- It has Wunderlist widget with tasks for today visible without opening app or checking notifications.
- It has IFTTT widgets to log time against my current projects.
- It has widget Drive scan shortcut, it takes a photo and sends it to “Inbox” folder in my Google Drive.
- Google Keep widget to memo in free text, list, voice or photo format.
How about yours? Btw is there round Apple Watch? Widgets on iOS? 6.5 inch iPhone? My 6 inch Nexus is not enough for me!
iPad and Laptop
Did you buy yourself iPad Pro? Is it cool? It looks rad. I really like my iPad Air2, it’s my dedicated productivity device. I bring it with me, to write, journal, email and it’s used to be my main OmniFocus client, but I use my laptop to organise tasks more lately, maybe because I have 2.5 jobs at the moment and spend a lot of time in front of laptop.
Is it still amazing? Is better? Can it respond to your email for you? I’m using it a lot, it filters all my spam, and puts all non-urgent email in corresponding folders only notifying me when something important arrives. Well not always, but in 8 our of 10 occurrences, which is pretty good.
Remainder of the tools are superfluous, and don’t really matter, so let’s continue on to processing.
In Getting Things Done term “Inbox” means place where one puts all their incoming tasks, reference and information or items of any kind, it has to be then processed into project.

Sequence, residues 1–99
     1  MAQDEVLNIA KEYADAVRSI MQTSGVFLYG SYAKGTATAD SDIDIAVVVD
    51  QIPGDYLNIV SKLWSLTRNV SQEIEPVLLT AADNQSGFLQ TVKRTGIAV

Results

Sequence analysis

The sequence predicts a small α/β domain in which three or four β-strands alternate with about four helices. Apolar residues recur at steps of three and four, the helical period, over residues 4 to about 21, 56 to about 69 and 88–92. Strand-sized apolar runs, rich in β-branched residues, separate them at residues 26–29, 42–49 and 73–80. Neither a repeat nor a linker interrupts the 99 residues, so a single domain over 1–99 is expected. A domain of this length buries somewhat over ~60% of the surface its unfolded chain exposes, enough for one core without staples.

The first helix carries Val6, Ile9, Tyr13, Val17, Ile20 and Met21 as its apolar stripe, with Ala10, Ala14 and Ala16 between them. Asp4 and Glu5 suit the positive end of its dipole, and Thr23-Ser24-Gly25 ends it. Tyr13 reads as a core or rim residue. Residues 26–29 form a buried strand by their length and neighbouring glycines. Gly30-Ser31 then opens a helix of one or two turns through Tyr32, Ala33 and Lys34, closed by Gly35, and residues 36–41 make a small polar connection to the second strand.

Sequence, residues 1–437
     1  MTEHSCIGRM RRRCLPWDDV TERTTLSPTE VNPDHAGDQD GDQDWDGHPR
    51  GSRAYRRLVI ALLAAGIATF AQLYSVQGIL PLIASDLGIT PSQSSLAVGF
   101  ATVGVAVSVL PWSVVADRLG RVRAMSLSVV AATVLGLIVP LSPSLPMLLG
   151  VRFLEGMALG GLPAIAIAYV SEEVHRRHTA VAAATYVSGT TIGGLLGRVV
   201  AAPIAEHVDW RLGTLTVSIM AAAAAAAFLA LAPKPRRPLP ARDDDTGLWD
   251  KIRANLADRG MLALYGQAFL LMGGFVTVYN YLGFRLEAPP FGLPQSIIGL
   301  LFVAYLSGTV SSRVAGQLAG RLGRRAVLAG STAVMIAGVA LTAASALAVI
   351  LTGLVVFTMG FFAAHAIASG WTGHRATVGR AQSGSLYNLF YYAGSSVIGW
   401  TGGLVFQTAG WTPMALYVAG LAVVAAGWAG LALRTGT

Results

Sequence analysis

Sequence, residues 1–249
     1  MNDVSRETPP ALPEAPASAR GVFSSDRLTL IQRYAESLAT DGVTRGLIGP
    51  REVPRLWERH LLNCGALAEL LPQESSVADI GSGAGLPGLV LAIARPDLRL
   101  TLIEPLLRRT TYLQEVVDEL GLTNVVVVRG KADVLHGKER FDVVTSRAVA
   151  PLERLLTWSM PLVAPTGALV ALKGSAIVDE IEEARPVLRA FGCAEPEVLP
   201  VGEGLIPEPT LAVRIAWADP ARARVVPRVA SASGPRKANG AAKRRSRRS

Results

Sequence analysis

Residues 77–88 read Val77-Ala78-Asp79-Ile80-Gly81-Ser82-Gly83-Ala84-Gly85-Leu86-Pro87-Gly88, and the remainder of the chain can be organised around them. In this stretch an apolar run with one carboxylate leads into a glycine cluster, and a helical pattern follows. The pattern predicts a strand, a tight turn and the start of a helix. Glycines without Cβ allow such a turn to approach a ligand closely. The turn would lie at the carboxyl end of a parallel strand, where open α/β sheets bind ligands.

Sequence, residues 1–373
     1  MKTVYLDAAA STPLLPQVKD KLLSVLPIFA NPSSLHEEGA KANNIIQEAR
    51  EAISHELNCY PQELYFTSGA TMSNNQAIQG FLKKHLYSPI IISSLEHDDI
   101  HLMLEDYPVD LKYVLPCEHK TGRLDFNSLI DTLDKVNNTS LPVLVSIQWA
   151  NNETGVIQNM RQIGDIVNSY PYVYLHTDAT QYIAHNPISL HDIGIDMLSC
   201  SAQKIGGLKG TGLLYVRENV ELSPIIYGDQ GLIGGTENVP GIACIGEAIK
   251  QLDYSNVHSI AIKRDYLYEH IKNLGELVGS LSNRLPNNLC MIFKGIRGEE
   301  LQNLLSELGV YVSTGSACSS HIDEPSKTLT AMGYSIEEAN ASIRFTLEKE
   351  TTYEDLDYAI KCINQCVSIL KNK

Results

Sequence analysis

Did you find a single app to accumulate all the actionable and non-actionable information? I’m in transition at the moment, I used to use Evernote for my reference but currently I’m migrating to Google Drive, mainly because A) I like it search better, B) I will be using it anyways, so eliminating extra app is helpful.
I’m still using Evernote though, but mainly as my Inbox, it still has best plugins to grab entire pages and unlike Instapaper or Pocket it allows to edit them before processing them further. [IFTT Do Note] is very helpful for loggin time on diffrent projects, four widgets add a line with a date-time and a note about to specific spreadsheets. I’m actually worse at the moment than usually at weekly processing, I have quite a lot of things stuck in my inbox but they can wait, or maybe you are cursing over there in 2016, and screaming at me because they were urgent? Hehe.
Getting Things Done
I’ve added a lot of small customisations into classical Getting Things Done strategy outlined by David Allen, mostly I added some new terms to distinguish between different types of actionable items.
Did you find a better name? I used to call them repeating tasks, routines and now rituals but none of the term meet. This is semi-actionable items, in fact they are “Make sure that” tasks. Let’s take brewing coffee as a project, every morning I like to have freshly brewed coffee in V60, in order for that to happen I need to have coffee beans, grind coffee beans and have filters, the tasks will look like this: